The last of the light had faded several hours before in Easterhouse, a deprived estate on Glasgow’s east side. In the car park of Shandwick Square shopping centre, the illumination came from the golden arches of a McDonald’s and a house-sized projection simply reading “Yes”. A girl of about 12 gave out pink stickers that also just said “Yes”. Her mother kept an eye on her, while distributing bundles of campaign literature to the 45 canvassers assembled for the evening’s work.
They were members of the Radical Independence Campaign (RIC), a non-party aligned group seeking a Yes vote in Scotland’s independence referendum on 18 September. Despite the often acrimonious debate between the main campaigns — the pro-independence Yes Scotland and the unionist Better Together — RIC were launching the big push in their unashamedly socialist pitch for the hearts, minds and votes of the Scottish people.
For 80 years the Scottish National Party (SNP) has called for independence from the United Kingdom; for many of the last 24 of those years the party has been led by Alex Salmond. On winning an unprecedented majority in Scotland’s devolved parliament in 2011, the SNP secured a national referendum: “Should Scotland be an independent country?” The SNP’s vision for an independent country is based on “civic nationalism”, ostensibly progressive, inclusive and decentralising; it cannot be characterised by the insidious tropes often associated with nationalism.
In the early 1980s a faction of the party known as the 79 Group — a youthful Salmond was a leader — was “important in moving the SNP at least avowedly in a more social-democratic direction,” says John Curtice, professor of politics at Strathclyde University. “In truth their record in government by that criterion can certainly be challenged.” And it is this failure that RIC, started in 2012, seeks to address. Co-founder Jonathon Shafi says: “It’s not just an attempt to win a Yes vote, but an attempt to re-engage with a whole series of communities, right up and down Scotland, who for too long have been ignored by mainstream politics. We believe that for Scotland, a Yes vote, is about more than a changing of the flags. We want a Yes vote to be married with a programme for radical social change.”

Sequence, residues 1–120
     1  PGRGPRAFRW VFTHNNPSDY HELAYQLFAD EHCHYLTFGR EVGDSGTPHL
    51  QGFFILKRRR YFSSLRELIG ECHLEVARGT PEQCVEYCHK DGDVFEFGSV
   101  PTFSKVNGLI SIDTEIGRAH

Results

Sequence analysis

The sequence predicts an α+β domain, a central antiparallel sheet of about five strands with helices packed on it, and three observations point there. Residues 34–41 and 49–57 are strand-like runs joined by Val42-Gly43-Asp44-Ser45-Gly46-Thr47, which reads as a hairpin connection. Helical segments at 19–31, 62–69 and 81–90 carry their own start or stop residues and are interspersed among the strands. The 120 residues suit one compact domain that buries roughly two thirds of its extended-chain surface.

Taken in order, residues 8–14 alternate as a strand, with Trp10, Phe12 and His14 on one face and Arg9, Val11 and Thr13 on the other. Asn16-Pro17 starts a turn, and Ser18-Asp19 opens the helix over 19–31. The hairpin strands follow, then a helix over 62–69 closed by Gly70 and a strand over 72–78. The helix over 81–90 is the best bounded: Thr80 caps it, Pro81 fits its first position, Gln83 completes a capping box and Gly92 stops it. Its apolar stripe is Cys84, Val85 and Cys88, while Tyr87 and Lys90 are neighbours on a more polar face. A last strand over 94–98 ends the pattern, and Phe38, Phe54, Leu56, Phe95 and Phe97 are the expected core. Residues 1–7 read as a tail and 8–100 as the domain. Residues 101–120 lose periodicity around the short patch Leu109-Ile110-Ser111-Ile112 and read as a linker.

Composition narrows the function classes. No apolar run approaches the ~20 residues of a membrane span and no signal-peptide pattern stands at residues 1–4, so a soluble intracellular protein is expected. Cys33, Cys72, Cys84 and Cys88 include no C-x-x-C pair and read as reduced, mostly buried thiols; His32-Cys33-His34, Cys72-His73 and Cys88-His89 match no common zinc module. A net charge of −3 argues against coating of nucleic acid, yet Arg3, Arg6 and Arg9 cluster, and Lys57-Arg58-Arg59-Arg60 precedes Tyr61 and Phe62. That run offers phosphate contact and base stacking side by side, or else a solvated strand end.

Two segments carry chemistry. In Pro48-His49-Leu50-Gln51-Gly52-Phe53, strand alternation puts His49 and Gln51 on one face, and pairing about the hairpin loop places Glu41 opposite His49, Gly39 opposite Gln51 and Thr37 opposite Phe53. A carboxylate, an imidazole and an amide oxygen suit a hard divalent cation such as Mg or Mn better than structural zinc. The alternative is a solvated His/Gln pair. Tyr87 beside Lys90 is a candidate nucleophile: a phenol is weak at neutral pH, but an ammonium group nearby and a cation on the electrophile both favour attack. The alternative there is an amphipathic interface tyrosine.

The left united
The Radical Independence Campaign is the brainchild of the International Socialist Group, and has united campaigners from Scotland’s often fractious leftwing groups. A measure of its success was seen when its 2013 conference drew nearly 1,000 people (the SNP’s 2013 conference had 1,300 delegates).
In Easterhouse, the canvassers held a banner aloft for press photographers, saying “Britain is for the rich, Scotland can be ours”. A man shouted from their ranks: “You’re looking at the dangerous and appalling mob now!” Unionist politicians have criticised the group for being too radical — even revolutionary: many in the movement think that’s a compliment. “We are dangerous, because we’re dangerous to their campaign,” says Liam McLaughlan, 17, who grew up in Easterhouse. “Because they know that what we’re doing here will work. It will get people out voting Yes, and then we can start actually going about making a special society here in Scotland.”